Higher electricity rates in March seen

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Power consumers should brace for higher electricity rates, starting March, as the state-run Power Sector Assets and Liabilities Management Corp. (PSALM) is poised to collect P53.58 billion worth of so-called stranded contract costs.

MANILA, Philippines—Power consumers should brace for higher electricity rates, starting March, as the Energy Regulatory Commission has allowed the state-run Power Sector Assets and Liabilities Management Corp. (PSALM) to collect P53.58 billion worth of so-called stranded contract costs.

This is equivalent to an increase of 19.38 centavos per kilowatt-hour, which will be collected under a new component in consumers’ electricity bills to be called the universal charge for stranded contract costs (UC-SCC), the ERC said in a statement.

“All electricity consumers are liable to pay this charge to their respective distribution utilities or to the grid operator for the directly connected customers, which in turn shall remit all their collections to PSALM, as administrator of the UC fund,” the ERC said.

For the typical residential consumer with a monthly electricity consumption of 200 kWh, this will translate to an additional P38.76.

Stranded contract costs are the transition costs incurred when the government deregulated the power sector to create a more competitive environment and which the state generator, the National Power Corp. (Napocor), is allowed to recover. They refer to the difference between Napocor’s contractual payment obligations with independent power producers (IPPs) and the revenue earned from the sale of the contracted energy from these same IPPs.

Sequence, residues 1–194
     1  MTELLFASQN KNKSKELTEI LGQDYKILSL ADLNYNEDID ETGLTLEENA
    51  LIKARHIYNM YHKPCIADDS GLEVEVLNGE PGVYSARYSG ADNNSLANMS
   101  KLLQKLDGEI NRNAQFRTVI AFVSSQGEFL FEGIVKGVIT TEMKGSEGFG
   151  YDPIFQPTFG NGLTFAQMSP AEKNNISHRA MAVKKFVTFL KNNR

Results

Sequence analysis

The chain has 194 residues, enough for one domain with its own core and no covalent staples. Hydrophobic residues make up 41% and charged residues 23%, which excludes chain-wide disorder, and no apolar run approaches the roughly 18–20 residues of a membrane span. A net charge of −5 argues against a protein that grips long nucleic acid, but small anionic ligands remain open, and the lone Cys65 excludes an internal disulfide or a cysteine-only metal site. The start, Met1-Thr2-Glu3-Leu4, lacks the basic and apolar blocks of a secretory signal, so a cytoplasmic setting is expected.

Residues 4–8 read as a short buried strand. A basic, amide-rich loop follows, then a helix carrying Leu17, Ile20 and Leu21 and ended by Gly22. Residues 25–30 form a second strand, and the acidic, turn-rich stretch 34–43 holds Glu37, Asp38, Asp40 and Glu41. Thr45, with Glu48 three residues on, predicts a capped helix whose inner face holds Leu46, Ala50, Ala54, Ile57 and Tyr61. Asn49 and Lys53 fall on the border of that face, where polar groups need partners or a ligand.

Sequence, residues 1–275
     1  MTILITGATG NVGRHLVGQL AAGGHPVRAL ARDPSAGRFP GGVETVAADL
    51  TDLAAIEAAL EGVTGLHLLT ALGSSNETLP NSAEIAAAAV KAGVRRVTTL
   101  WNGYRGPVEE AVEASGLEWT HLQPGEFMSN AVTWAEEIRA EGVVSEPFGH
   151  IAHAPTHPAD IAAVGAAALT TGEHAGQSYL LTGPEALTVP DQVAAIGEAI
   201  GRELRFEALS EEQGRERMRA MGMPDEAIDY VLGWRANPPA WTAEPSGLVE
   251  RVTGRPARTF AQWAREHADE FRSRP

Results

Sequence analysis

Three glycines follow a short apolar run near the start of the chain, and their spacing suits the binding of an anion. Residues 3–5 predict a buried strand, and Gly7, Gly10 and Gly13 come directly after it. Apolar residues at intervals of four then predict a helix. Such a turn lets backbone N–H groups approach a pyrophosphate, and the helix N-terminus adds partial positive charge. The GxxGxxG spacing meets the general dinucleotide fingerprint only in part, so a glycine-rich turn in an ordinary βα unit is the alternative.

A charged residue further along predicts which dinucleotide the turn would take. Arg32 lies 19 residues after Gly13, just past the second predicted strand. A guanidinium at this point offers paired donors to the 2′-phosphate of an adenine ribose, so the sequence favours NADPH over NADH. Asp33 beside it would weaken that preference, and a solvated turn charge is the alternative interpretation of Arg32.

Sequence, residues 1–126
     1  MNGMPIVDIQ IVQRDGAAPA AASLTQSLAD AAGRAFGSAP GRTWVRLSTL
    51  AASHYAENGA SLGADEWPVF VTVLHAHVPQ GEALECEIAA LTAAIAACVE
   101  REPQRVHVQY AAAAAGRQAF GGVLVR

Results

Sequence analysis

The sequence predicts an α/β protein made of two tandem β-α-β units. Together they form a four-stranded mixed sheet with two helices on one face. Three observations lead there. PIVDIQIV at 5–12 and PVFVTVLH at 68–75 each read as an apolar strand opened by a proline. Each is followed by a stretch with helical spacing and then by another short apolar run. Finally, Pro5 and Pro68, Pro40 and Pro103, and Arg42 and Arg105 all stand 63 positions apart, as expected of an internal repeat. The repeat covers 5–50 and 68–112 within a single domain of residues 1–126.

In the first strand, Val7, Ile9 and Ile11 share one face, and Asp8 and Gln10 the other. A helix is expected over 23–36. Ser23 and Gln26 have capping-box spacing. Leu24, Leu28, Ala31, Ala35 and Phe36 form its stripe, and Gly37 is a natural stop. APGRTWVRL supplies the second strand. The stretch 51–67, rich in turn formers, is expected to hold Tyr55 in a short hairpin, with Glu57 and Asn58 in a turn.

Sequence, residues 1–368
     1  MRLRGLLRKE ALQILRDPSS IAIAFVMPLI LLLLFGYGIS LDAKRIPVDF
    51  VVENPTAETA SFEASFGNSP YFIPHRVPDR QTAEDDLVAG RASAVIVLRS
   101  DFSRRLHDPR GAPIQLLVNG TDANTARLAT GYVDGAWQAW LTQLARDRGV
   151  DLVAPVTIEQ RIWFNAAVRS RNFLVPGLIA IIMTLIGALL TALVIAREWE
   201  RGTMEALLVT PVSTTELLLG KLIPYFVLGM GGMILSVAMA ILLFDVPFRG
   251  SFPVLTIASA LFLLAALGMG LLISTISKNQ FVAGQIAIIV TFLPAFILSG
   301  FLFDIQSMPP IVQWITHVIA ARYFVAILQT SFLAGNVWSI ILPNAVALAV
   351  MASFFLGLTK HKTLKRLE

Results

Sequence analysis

ERC executive director Francis Saturnino Juan explained that the P53.58 billion represented accumulated stranded contract costs that were incurred by Napocor from 2007 to 2010.

PSALM, the agency that was created to manage the assets and liabilities of Napocor after the liberalization of the power sector, had originally sought to recover from consumers P74.3 billion worth of stranded contract costs, which would have caused power bills to shoot up by 36.66 centavos per kWh.

The ERC, however, rejected PSALM’s calculations, as it said PSALM had failed to take into account the additional revenues it stood to realize from Napocor’s eligible contracts with IPPS and pending applications under the generation rate adjustments and incremental currency exchange rate adjustment (GRAM and Icera) mechanisms.

The ERC also said it had excluded revenue deductions that PSALM had made, which effectively increased the stranded contract costs, through its implementation of supply arrangements and discount programs like the default wholesale supply (DWS), one-day power sales (ODPS) and prompt payment discount (PPD).

Originally posted at 07:01 pm | Tuesday, February 19, 2013

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